Monday, January 30, 2012

before I talk, I should read a book

Being that I'm both a fundie and a geek for history, maybe I should be taking something other than intro courses on my lunchbreak, because I find myself going but what about this and this and hey you left this out, and it's not just referring back to the good book, because I'm not so delusional to assume that others regard it the way I do, but history of a people even if not entirely accurate, still says a lot about the way of life and the way that others see the world, and usually there's a historical root to most saga and such.

While the instructor might be a fabulous linguist, and have more experience in the ivory tower, that does not necessarily make a good person to be teaching history if We The Peonage are noticing that things are missing. It's not unlike when I took Swahili two years ago and the professor was East African and had a PhD in sociolinguistics but did not actually speak the language he was teaching and would argue with the teaching assistant, a Tanzanian nun who did speak it as a native and would tell us what to put on the test "this is how he thinks it is" as opposed to "this is what we actually say."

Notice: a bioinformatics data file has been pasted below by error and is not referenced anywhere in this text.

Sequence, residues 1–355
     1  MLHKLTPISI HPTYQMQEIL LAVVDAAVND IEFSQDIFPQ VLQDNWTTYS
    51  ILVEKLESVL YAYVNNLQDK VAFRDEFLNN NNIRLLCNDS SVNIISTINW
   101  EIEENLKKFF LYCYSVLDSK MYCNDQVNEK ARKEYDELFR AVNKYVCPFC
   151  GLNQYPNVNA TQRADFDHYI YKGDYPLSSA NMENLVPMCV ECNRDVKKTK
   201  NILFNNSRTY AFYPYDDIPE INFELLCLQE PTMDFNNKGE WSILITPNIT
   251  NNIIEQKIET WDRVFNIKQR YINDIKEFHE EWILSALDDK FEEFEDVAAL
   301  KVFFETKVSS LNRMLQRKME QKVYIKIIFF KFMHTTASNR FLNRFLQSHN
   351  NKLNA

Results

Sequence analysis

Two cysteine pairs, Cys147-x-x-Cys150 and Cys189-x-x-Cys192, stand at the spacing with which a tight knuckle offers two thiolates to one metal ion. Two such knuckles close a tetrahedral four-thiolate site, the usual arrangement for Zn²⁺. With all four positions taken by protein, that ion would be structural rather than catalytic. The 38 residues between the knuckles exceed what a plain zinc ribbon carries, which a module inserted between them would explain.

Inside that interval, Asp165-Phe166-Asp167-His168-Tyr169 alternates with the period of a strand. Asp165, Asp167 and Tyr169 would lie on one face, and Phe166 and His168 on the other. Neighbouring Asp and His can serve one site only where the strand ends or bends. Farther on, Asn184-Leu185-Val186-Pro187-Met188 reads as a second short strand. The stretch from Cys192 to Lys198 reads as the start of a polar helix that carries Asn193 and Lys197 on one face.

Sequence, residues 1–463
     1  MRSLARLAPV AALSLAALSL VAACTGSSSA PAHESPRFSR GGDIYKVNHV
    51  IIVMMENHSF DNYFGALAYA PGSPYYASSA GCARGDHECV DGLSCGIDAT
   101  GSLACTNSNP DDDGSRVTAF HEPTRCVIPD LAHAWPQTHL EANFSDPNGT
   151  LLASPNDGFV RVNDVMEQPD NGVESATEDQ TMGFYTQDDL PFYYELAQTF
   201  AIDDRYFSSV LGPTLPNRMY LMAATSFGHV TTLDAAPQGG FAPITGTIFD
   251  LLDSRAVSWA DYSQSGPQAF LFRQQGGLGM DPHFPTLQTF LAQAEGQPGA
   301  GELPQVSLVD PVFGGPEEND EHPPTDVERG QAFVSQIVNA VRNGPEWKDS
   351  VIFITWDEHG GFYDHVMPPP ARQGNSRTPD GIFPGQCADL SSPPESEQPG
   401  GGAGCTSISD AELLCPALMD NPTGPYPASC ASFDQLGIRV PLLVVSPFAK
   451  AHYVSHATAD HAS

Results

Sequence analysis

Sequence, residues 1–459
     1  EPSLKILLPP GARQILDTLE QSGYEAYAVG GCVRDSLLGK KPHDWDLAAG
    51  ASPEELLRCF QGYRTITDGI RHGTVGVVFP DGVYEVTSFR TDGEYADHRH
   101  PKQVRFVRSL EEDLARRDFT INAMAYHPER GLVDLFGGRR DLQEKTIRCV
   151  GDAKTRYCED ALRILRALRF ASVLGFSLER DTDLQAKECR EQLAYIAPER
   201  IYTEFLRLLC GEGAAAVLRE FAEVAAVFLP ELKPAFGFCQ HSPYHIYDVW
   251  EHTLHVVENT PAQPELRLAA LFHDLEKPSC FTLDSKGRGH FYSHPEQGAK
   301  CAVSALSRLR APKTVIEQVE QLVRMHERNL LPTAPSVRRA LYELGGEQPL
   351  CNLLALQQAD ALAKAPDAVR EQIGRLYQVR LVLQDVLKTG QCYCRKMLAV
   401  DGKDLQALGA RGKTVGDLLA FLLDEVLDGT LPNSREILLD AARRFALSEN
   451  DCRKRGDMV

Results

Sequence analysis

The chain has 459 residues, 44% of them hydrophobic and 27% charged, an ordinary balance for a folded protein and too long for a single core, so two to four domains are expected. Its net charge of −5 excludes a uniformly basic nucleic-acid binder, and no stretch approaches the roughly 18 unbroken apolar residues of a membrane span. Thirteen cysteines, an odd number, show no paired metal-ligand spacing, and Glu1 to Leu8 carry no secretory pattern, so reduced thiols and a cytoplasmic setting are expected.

Despite being a profound introvert, guilty of the Stipeian, "Oh no I've said too much, I haven't said enough" binary all too often, and due to being unable to gauge said professor's penchant for intellectual honesty.  I don't know if omissions like Babylonian captivities and destructions of Temple Number 1 might be kind of important from a historical standpoint even if we're tossing the proverbial baby as in the whole religious aspect of certain scriptures out with the bathwater. One doesn't have to believe all the spiritual dicta in there to appreciate the literary traditions of the wisdom literature or to attempt to understand a culture and milieu vastly different from our own. And it seems like the Babylonian exile figured much more prominently into the makeup of Judaic tradition and western cultural imagination while the destruction of the temple in AD 70 was more like the final knell. But I might be wrong, and I'm willing to stand corrected.

I'm skeptical of those who say that faith and reason can't co-exist side by side, but I wish I was learning more, because I find myself zoning out the way I did in high school when a thousand years of Byzantines was reduced to a few paragraphs bookended by the ancient Romans and the "Dark Ages."  I know there's so much more there, and I wish that we were covering it. 


  1. Picky, picky, picky. (not that you're incorrect)

  2. too late to drop the course?